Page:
I’m back in the US now, and somehow forgot to bring my notebook back with me, so this will be from memory. I mostly visited relatives in the Jiangsu Province, which is a temperate area through which the Yangtze River runs. The local tea culture focuses heavily on green tea, and almost every city and town has a tea or two that they are known for. Many of these are lesser-known outside of China, so I am very glad I got the chance to sample them.
One of the best local teas I tried was a Zhenjiang green (I believe the name translates either to golden shoot or verdant shoot…if only I still had my notebook!). This was a very fresh spring picking, vivid green leaves, very tender. The tea is light-bodied, not very vegetal but slightly sweet, and you can just imagine the leaves soaking up the sunshine. [Edit: I realize this sounds a lot like my description of another Chinese green tea from not long ago, and I do find these two very similar.]
Another local favorite was Nanjing Yuhua (rain flower). This is a more vegetal green, light and subtle (almost white-tea-like in my opinion), with notes of what I can only describe at lotus leaf.
Most of the people I met tended to overleaf their green teas, but as I grew to realize, this was often not a bad practice. Much of the time, someone has a favorite green tea and a tried-and-true method for brewing it, and what looks like too much leaf to me actually isn’t. This was the case when I was given a cup of Maojian that initially almost scared me off with how much leaf it contained. But the resulting brew was not bitter or astringent at all, and had an almost malt-candy-esque sweetness. The overall effect was quite energizing, and something good to have in the afternoon during a workday.
Greetings from China! Amusingly, the first tea I’m logging here is a bagged one of non-Chinese origin. I’ve visited many relatives, some of whom I haven’t seen in years, and amidst the food and chatter there has been a good quantity of tea, of course. I’m keeping a journal of the local teas I’ve tried so far, but as they would all be “unknown by unknown” on the site, I will save my notes for now and post highlights later.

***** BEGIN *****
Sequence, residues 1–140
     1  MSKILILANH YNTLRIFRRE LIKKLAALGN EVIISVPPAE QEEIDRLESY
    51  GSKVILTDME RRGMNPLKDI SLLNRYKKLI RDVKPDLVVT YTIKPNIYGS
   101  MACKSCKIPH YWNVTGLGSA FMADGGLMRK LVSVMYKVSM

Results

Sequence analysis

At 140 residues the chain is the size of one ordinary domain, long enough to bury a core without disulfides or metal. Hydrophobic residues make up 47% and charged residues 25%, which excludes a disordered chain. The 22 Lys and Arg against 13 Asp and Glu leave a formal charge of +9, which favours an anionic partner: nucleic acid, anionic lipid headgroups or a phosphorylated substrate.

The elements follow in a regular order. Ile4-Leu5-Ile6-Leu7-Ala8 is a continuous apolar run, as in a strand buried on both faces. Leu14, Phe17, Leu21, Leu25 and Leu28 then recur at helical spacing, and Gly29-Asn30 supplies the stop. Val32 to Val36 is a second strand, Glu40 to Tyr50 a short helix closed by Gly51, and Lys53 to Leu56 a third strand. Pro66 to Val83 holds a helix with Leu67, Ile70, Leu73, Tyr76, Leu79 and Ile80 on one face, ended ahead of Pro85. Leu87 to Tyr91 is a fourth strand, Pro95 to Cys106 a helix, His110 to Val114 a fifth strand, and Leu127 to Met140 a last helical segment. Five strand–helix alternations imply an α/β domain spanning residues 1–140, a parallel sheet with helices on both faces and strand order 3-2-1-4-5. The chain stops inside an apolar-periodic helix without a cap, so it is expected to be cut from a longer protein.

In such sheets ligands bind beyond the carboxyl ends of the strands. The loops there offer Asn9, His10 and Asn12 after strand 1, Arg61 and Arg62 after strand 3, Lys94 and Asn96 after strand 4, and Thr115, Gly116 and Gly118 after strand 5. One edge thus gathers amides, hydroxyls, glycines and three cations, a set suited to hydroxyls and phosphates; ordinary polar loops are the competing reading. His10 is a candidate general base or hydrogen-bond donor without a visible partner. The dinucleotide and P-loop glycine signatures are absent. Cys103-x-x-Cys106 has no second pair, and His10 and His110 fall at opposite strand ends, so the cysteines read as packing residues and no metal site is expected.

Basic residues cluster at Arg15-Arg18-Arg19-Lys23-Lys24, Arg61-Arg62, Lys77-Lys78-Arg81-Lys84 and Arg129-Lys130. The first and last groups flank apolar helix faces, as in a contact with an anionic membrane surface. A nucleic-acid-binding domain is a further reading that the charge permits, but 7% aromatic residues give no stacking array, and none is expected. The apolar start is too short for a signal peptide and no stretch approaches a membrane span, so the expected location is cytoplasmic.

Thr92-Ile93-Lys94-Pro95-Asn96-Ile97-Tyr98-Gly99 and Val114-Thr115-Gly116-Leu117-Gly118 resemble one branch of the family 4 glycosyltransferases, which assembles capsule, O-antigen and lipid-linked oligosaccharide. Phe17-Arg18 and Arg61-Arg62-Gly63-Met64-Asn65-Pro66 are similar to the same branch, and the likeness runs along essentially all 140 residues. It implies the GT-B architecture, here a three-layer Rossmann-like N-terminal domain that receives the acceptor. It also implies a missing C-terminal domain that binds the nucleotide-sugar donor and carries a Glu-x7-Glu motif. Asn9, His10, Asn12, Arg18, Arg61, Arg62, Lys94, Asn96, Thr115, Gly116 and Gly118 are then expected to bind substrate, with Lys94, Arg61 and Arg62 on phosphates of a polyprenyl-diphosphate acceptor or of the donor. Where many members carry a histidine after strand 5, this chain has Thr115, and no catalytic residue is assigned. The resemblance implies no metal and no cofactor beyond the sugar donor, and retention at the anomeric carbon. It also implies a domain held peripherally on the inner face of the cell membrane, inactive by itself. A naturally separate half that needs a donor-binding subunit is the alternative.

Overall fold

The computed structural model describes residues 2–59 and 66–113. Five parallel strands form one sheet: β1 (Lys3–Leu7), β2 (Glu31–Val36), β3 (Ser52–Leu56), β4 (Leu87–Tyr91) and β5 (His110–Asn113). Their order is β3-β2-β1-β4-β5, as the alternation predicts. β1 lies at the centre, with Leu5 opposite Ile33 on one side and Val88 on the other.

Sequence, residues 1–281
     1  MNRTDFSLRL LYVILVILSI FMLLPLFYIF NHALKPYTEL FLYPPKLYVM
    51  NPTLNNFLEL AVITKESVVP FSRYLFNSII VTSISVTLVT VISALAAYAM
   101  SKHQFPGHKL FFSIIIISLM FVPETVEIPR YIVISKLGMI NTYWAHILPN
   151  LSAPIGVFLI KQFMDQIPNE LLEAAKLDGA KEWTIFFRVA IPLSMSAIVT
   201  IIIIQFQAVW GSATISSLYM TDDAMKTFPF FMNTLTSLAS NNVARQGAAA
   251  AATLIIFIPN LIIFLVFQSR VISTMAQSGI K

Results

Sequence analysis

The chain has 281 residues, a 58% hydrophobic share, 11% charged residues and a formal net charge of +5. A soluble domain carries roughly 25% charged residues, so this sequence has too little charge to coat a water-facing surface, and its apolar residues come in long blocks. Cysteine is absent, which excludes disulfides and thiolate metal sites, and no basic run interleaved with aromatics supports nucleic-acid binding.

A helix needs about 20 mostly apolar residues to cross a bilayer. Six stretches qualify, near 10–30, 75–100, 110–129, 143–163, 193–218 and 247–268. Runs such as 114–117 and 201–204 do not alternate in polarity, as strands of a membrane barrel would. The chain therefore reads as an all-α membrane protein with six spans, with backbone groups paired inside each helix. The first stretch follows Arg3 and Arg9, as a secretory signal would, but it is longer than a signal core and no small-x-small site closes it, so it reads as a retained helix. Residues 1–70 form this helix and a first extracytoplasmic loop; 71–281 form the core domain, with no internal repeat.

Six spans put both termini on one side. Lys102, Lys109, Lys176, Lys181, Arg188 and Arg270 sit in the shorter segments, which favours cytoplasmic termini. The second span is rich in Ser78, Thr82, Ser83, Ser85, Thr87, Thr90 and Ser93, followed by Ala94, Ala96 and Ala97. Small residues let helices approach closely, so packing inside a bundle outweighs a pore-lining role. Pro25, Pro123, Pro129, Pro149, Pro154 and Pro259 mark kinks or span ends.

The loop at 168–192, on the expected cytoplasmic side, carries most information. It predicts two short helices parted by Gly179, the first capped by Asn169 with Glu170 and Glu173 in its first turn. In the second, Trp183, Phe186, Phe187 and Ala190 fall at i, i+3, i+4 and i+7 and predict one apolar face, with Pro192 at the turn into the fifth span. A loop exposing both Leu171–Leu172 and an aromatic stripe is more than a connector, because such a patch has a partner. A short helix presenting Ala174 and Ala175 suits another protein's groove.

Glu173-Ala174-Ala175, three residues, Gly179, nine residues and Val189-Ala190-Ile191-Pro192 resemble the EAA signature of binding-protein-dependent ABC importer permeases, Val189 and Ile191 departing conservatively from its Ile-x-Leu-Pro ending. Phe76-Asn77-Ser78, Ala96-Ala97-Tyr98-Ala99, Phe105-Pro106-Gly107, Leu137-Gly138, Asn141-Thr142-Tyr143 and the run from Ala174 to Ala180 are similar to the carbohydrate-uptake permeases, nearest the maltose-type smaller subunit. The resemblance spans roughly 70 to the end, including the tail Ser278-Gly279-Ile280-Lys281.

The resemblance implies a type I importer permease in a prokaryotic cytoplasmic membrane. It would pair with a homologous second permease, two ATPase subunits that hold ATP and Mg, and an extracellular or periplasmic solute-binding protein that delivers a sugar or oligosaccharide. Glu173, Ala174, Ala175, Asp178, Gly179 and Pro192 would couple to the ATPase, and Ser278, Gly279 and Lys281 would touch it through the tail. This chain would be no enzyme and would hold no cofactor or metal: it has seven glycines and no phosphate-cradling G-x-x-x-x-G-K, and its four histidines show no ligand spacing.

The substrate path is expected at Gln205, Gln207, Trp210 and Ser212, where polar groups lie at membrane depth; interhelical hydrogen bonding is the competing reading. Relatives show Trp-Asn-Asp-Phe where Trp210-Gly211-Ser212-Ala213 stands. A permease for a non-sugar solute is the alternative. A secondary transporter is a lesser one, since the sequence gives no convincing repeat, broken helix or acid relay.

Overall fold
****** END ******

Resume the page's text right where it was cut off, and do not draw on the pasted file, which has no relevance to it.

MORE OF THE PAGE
This was a very decent, smooth, Ceylon-heavy breakfast blend that definitely woke me up and soothed me on a morning where I was still dealing with jetlag. It has been raining constantly for the past few days, and a hot cup of tea is just what I need. I’m looking out on the city from a loft on the 6th floor right now, and can see forested mountains in the near distance. The area I’m in is a curious juxtaposition of the natural and urban, and there is more plant life and more kinds of birds and butterflies than I’ve seen anywhere else. Looking forward to more adventures to come.
Back in the land of “random teas from China I found lying around the house”…
1. A sachet tea labelled as sheng pu-erh. The dry sachet has a smoky, almost lapsang-like smell. After rinsing and brewing, it has an aroma and flavor reminiscent of tobacco and damp leaves, a hint of muscatel, and a drying edge. Given my (and my family’s) limited experience with pu-erh, I don’t have much to compare this one to, but I hope to try more proper pu-erhs this summer.
2. A green tea with slender, twisty leaves that unfurl upon brewing. The fully opened leaves have a delicate spring-green color, and look good enough to eat (and actually are quite tasty when I accidentally imbibe one). The visual effect of the leaves dancing up and down in this one is too beautiful to use any sort of sachet or brew basket to confine them. The flavor of this tea is sublimely light and vegetal, with a fresh quality to it—the leaves are very tender and seem to have just soaked up the newest spring sunshine. Really love this one and wish I knew where it was from.